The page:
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Ten Acres Enough
Chapter XIII.—City and Country Life contrasted


The pensive reader must not take it for granted that in going into the country we escaped all the annoyances of domestic life peculiar to the city, or that we fell heir to no new ones, such as we had never before experienced. He must remember that this is a world of compensations, and that nowhere will he be likely to find either an unmixed good or an unmixed evil. Such was exactly our experience. But on summing up the two, the balance was decidedly in our favor. It is true that though the town close by us had well-paved streets, yet the walk of half a mile to reach them was a mere gravel path, which was sometimes muddy in summer, and sloppy with unshovelled snow in winter. But I walked over it almost daily to the post-office, not even imagining that it was worse than a city pavement. The tramp of the children to school was not longer than they had been used to, and my wife and daughters thought it no hardship to go shopping among the well-supplied stores quite as frequently as when living in the city. Indeed, I sometimes thought they went a little oftener. They were certainly as well posted up as to the new fashions as they had ever been, while the fresh country air, united with constant exercise, kept them in good appetite, even to the rounding of their cheeks, and the maintenance of a better color in them than ever.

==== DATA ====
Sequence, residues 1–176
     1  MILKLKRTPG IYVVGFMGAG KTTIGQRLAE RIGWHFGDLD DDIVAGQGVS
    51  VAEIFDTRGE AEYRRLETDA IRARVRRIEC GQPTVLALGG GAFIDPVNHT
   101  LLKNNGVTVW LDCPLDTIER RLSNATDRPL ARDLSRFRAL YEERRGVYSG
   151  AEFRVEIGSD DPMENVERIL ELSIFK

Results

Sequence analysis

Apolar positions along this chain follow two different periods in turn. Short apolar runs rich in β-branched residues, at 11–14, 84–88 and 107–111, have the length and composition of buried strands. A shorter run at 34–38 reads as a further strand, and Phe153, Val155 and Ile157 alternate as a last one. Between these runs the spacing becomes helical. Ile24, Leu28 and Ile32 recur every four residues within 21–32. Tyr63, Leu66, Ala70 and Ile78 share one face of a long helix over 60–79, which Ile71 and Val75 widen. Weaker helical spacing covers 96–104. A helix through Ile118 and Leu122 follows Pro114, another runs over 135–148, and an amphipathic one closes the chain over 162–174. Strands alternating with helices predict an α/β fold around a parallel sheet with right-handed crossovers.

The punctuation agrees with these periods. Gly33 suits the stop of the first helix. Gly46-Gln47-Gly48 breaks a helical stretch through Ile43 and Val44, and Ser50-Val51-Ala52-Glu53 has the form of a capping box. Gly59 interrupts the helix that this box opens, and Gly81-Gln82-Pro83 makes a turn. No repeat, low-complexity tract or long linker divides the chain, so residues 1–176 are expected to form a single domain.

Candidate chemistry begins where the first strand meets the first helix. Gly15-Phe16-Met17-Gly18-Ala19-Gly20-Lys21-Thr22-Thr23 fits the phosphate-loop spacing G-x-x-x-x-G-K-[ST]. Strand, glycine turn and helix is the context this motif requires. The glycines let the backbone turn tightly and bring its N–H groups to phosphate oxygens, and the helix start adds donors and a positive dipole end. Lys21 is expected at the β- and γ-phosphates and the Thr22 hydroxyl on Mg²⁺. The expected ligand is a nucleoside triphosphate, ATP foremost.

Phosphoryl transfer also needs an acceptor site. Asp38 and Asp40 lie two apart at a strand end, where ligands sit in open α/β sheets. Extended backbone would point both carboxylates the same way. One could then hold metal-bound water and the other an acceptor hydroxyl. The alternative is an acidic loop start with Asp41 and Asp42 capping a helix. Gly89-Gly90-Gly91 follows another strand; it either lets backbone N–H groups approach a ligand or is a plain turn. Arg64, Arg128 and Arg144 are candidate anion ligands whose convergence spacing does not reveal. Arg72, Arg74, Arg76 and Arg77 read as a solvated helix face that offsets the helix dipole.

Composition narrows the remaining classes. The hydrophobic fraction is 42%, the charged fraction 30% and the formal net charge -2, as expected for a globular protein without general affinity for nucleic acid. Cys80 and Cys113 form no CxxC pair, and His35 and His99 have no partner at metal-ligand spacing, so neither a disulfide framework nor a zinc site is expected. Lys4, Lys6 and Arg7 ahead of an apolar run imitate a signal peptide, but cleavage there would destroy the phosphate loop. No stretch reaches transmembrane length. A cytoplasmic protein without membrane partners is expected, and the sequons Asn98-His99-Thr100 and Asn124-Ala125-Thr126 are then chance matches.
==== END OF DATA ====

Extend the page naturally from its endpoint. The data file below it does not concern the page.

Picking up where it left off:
As to society, they very soon made acquaintances quite as agreeable as could be desired. Visiting became a very frequent thing; and after a few months I let in a suspicion that the girls found twice as many beaux as in the city, though there the average number is always larger than in the country. On throwing out an insinuation of this kind to Kate, one summer evening, after a large party of young folks had concluded their visit, she made open. confession that it was so, and volunteered her conviction that they were decidedly more agreeable. I admit this confession did not surprise me, as there was one young man among the party who had become especially attentive to Kate—bringing her the new magazines as soon as they were out, sundry books and pictorials, and always having a deal to say to her, with a singular genius for getting her away from the rest of the company, so that most of their mysterious small-talk could be heard by none but themselves. Another remark which I made to Kate on a subsequent occasion, touching this subject, covered her bright face with so many blushes that I ventured to mention the whole matter to my wife; but she made so light of the thing that I said no more at the time, thinking, perhaps, that the women were most likely the best judges in such cases. But I have since discovered that my prognostications were much more to be depended on than hers.